SACO — More roster moves highlighted the past couple of days for the Portland Pirates, who are coming off a hard-fought loss to the Manchester Monarchs on Wednesday and turn around to face the Providence Bruins on Saturday.

“It’s all so fluid early in the season,” said Brad Treliving, the Phoenix Coyotes’ vice president of hockey operations and assistant general manager, as well as the Pirates’ GM.

Friday, the Pirates signed longtime NHL forward Gilbert Brulé to a PTO (professional tryout contract), a move that will instantly add more than 270 games of NHL experience to a young roster while at the same time giving Brulé a chance to resurrect his professional career in North America.

Brulé was in training camp with the Coyotes this season but was not signed.

“The plan all along, once (Brulé) came to camp, was that he’d come here right from the get-go,” Treliving said. “He had to go back to Canada to get some things taken care of first. He’s a guy we have some history with. He’s been around a few years, but frankly he’s not that old of a guy. He’s still fairly young.”

Brulé was a first-round draft pick (sixth overall) of the Columbus Blue Jackets in 2005 out of the Vancouver Giants of the Western Hockey League. He spent the better part of his first two years in professional hockey with the Blue Jackets before playing parts of two seasons with Syracuse and Springfield of the AHL.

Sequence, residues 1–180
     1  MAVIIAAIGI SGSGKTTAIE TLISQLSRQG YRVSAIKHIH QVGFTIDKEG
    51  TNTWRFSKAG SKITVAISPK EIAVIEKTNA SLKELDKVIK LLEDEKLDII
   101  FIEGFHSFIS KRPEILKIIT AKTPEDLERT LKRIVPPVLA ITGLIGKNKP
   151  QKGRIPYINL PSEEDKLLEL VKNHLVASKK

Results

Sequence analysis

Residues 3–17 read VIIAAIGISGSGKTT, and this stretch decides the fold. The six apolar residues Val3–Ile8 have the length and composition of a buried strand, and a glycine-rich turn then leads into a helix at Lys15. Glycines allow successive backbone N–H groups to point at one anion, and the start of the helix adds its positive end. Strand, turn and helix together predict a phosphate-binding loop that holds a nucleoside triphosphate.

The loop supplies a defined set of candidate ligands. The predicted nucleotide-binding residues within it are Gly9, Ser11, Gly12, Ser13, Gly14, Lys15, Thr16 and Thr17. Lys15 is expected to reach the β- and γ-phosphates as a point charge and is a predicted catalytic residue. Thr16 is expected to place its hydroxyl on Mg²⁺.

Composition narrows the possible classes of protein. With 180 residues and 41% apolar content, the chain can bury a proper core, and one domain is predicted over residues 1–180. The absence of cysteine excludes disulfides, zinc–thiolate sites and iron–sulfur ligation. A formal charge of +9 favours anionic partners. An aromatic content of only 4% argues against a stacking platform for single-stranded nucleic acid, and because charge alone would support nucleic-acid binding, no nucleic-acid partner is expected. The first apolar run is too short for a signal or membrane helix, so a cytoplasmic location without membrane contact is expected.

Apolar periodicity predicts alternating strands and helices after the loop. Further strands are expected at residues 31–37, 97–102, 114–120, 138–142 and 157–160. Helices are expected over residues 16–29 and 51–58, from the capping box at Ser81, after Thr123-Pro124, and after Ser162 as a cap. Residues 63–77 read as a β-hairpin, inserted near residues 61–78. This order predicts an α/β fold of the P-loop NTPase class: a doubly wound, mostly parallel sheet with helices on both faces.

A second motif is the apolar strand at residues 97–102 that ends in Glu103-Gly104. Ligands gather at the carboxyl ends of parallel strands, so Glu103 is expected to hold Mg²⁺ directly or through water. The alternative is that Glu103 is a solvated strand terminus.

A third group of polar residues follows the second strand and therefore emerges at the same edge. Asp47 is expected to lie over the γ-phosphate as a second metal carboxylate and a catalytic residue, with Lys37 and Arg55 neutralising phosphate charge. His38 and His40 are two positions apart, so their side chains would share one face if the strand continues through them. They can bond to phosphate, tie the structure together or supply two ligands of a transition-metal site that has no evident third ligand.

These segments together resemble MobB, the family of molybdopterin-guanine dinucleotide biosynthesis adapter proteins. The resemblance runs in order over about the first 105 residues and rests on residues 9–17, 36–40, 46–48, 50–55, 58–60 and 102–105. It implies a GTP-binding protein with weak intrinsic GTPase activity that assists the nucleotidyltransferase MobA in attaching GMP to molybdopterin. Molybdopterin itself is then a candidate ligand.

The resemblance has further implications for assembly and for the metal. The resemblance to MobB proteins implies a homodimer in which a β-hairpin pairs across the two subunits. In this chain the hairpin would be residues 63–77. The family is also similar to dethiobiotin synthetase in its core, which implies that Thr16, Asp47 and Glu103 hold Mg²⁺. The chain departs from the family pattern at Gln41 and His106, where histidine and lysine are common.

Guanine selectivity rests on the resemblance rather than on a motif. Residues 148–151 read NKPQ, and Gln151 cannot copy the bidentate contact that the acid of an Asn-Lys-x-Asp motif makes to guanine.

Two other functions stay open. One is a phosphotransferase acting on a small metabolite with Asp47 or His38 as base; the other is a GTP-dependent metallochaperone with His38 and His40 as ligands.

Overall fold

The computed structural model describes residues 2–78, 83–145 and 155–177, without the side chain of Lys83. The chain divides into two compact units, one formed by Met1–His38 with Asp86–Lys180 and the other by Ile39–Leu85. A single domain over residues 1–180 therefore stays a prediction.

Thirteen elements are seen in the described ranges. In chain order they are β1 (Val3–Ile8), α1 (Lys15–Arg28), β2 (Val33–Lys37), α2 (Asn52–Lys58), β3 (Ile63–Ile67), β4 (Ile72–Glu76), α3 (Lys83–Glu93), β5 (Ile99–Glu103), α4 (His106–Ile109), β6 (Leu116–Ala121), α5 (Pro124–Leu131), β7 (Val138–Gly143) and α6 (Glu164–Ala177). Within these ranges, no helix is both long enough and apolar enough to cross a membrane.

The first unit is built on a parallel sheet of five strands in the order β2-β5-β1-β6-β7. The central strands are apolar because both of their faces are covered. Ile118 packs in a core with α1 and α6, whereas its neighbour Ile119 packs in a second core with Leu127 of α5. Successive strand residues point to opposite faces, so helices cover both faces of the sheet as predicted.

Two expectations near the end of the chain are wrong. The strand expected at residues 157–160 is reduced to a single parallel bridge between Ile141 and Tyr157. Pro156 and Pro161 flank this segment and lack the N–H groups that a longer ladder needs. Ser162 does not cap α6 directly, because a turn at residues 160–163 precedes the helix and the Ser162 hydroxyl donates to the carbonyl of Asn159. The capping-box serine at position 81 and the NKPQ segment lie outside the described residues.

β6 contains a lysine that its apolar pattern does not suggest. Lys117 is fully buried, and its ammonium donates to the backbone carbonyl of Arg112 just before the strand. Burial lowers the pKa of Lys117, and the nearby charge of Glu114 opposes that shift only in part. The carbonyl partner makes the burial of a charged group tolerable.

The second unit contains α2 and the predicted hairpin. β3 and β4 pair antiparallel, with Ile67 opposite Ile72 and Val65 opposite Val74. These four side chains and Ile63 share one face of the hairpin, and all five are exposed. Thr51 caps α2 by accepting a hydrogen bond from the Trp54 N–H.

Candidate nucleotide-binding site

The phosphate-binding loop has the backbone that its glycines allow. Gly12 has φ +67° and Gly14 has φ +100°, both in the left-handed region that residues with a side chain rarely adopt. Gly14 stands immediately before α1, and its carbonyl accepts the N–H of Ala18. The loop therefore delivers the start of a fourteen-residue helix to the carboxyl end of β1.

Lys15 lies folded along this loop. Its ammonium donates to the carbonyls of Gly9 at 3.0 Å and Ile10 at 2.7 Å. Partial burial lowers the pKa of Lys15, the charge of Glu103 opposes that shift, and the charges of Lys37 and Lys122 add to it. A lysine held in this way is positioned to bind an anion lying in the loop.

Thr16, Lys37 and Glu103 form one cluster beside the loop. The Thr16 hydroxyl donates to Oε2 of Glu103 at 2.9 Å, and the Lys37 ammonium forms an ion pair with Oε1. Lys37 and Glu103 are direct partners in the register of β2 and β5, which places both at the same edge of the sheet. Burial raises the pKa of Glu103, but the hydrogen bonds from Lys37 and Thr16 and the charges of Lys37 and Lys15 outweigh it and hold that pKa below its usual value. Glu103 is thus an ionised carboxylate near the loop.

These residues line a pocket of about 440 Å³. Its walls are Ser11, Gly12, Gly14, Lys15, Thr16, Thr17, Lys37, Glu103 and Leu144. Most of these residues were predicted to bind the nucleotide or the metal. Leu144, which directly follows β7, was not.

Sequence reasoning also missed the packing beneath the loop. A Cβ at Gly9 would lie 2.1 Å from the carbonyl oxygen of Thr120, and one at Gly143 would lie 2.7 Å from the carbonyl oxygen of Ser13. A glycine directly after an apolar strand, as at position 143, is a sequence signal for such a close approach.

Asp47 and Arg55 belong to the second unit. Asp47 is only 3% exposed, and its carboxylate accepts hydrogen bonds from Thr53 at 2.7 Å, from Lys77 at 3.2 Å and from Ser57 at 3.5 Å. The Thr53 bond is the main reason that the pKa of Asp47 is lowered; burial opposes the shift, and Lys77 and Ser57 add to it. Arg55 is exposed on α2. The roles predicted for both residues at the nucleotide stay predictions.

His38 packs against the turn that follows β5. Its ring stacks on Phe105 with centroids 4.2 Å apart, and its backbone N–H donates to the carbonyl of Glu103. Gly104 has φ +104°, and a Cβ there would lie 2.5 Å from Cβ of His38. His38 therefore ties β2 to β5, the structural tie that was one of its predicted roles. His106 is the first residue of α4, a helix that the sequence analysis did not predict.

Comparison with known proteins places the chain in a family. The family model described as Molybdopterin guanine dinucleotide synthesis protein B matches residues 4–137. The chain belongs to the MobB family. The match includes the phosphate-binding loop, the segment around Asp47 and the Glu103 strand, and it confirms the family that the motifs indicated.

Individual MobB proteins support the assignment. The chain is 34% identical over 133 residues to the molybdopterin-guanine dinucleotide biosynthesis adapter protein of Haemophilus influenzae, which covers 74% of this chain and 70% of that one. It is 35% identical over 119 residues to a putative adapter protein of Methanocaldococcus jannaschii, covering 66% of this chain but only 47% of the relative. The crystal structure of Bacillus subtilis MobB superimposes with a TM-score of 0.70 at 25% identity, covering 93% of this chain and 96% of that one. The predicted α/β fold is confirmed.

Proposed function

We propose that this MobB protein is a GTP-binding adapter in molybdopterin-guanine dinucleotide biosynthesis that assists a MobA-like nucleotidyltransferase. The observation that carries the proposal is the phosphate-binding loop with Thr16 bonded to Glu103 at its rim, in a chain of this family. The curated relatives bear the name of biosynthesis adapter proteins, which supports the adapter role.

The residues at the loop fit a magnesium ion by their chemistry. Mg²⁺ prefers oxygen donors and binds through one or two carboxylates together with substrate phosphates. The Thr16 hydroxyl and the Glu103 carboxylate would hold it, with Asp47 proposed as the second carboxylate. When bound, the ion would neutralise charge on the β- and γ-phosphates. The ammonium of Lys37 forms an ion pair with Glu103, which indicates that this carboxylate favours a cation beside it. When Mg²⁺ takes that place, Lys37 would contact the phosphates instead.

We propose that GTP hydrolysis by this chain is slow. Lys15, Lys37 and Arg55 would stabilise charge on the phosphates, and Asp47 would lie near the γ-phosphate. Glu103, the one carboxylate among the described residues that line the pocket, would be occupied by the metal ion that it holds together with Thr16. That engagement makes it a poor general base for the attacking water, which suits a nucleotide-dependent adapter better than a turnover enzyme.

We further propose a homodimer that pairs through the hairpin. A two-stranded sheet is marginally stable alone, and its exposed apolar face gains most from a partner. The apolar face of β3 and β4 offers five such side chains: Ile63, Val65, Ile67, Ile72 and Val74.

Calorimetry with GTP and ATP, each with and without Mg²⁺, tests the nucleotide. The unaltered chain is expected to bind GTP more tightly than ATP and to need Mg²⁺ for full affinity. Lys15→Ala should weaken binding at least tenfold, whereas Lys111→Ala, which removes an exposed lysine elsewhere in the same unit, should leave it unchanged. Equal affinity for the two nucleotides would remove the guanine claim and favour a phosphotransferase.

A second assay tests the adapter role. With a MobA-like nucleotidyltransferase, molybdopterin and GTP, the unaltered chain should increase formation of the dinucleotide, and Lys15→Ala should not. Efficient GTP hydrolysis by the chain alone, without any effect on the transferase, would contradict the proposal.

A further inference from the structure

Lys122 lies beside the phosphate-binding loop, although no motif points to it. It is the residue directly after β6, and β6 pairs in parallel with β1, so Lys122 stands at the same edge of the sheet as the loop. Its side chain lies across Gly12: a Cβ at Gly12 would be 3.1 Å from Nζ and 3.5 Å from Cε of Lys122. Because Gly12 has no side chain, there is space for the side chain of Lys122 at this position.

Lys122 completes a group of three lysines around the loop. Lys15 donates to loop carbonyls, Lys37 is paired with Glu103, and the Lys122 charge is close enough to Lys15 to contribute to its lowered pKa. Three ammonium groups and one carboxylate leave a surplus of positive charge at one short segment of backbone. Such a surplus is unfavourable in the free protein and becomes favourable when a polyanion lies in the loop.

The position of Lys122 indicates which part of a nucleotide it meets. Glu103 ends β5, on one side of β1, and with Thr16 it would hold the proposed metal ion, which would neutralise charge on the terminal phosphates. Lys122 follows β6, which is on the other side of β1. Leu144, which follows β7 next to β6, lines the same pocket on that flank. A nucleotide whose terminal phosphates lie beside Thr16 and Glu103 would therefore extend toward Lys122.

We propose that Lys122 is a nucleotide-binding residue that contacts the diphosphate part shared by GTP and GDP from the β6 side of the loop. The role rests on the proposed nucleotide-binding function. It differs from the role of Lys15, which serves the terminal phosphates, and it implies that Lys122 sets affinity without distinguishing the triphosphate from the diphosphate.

A trade to the Edmonton Oilers got Brulé back into the NHL in 2008, and he had his best season there in 2009-10, recording 37 points in 65 games for the Oilers.

The Coyotes acquired Brulé in the second half of 2011-12 and he was instrumental in helping the team reach the Western Conference Final, where the Coyotes fell to eventual Stanley Cup Champion Los Angeles.

Last year, with the lockout clouding things up at the NHL level early in the year, Brulé played for Zurich of the Swiss-A league, but played in only 14 games.

“He’s obviously a very high draft pick, sixth overall, and I think he’s sort of reinvented his game a little bit,” Treliving said. “He had a good summer working out, he’s in the best shape of his life coming into training came and for us, it’s a chance to get him down here and see where he goes with it, to see where we go with it. It’s an opportunity for him, and it’s an opportunity for us as we move forward to see if there’s a chance for him to fit with us.”